We use B-splines for representing the derivative of the unknown unit-rate drawdown pressure and numerical inversion of the Laplace transform to formulate a new deconvolution algorithm. When significant errors and inconsistencies are present in the data functions, direct and indirect regularization methods are incorporated. We provide examples of under- and over-regularization, and we discuss procedures for ensuring proper regularization.
We validate our method using synthetic examples generated without and with errors (up to 10%). Upon validation, we then demonstrate our deconvolution method using a variety of field cases, including traditional well tests, permanent downhole gauge data, and production data. Our work suggests that the new deconvolution method has broad applicability in variable rate/pressure problems and can be implemented in typical well-test and production-data-analysis applications.
The constant-rate drawdown pressure behavior of a well/reservoir system is the primary signature used to classify/establish the characteristic reservoir model. Transient-well-test procedures typically are designed to create a pair of controlled flow periods (a pressure-drawdown/-buildup sequence) and to convert the last part of the response (the pressure buildup) to an equivalent constant-rate drawdown by means of special time transforms. However, the presence of wellbore storage, previous flow history, and rate variations may mask or distort characteristic features in the pressure and rate responses.
With the ever-increasing ability to observe downhole rates, it has long been recognized that variable-rate deconvolution should be a viable option to traditional well-testing methods because deconvolution can provide an equivalent constant-rate response for the entire time span of observation. This potential advantage of variable-rate deconvolution has become particularly obvious with the appearance of permanent downhole instrumentation.
First and foremost, variable-rate deconvolution is mathematically ill-conditioned; while numerous methods have been developed and applied to deconvolve "ideal" data, very few deconvolution methods perform well in practice. The ill-conditioned nature of the deconvolution problem means that small changes in the input data cause large variations in the deconvolved constant-rate pressures. Mathematically, we are attempting to solve a first-kind Volterra equation [see Lamm (2000)] that is ill-posed. However, in our case the kernel of the Volterra-type equation is the flow-rate function (i.e., the generating function); this function is not known analytically but, rather, is approximated from the observed flow rates. In practical terms, this issue adds to the complexity of the problem (Stewart et al. 1983).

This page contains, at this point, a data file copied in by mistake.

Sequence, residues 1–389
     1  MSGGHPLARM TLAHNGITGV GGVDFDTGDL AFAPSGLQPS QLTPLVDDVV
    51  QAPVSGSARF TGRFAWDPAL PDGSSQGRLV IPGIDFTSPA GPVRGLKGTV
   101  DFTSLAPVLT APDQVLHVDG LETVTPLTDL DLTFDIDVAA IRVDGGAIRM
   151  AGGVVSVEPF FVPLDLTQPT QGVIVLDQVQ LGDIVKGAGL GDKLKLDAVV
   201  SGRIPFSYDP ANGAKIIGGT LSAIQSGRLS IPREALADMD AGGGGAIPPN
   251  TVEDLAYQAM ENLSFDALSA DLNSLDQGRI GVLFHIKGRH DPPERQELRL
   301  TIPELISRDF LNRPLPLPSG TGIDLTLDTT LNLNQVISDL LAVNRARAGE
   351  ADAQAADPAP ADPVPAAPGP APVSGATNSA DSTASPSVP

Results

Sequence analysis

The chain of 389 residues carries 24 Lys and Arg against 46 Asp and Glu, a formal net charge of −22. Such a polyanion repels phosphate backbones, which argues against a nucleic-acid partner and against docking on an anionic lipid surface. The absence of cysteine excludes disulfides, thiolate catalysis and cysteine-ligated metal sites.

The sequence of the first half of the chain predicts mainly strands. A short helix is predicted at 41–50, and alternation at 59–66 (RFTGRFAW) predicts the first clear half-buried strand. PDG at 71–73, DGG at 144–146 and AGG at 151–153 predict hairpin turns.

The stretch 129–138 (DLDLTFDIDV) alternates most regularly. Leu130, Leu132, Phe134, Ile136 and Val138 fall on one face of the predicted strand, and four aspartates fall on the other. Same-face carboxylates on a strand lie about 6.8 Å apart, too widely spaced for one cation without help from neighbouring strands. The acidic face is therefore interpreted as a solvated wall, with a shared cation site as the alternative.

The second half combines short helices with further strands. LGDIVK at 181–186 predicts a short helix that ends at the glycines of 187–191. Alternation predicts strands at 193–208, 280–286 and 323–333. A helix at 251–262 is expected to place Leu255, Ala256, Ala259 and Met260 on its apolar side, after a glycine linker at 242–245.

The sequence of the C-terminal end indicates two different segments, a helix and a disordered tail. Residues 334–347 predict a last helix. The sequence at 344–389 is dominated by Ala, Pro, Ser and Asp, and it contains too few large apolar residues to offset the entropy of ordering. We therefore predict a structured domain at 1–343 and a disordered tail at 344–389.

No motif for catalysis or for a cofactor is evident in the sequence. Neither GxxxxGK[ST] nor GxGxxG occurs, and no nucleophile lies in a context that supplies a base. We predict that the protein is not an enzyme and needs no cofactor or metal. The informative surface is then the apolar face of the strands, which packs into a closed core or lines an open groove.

In the literature related to variable-rate deconvolution, we find the development of two basic concepts. One concept is to incorporate an a priori knowledge regarding the properties of the deconvolved constant-rate response. The observations of Coats et al. (1964) on the strict monotonicity of the solution led Kuchuk et al. (1990) to impose a "nonpositive second derivative" constraint on pressure response. In some respects, this tradition is maintained in the work given by von Schroeter et al. (2004), Levitan (2003), and Gringarten et al. (2003) when they incorporate non-negativity in the "encoding of the solution." We note that in the examples given, this concept (non-negativity/monotonicity of the solution) requires less-straightforward numerical methods (e.g., nonlinear least-squares minimization).
The second concept is to use a certain level of regularization (von Schroeter et al. 2004; Levitan 2003; Gringarten et al. 2003), where "regularization" is defined as the act or process of making a system regular or standard (smoothing or eliminating nonstandard or irregular response features). Regularization can be performed indirectly, by representing the desired solution with a restricted number of "elements," or directly, by penalizing the nonsmoothness of the solution. In either case, the additional degree of freedom (the regularization parameter) has to be established, where this is facilitated by the discrepancy principle (effectively tuning the regularization parameter to a maximum value while not causing intolerable deviation between the model and the observations). In some fashion, each deconvolution algorithm developed to date combines these two concepts (non-negativity/monotonicity of the solution or regularization).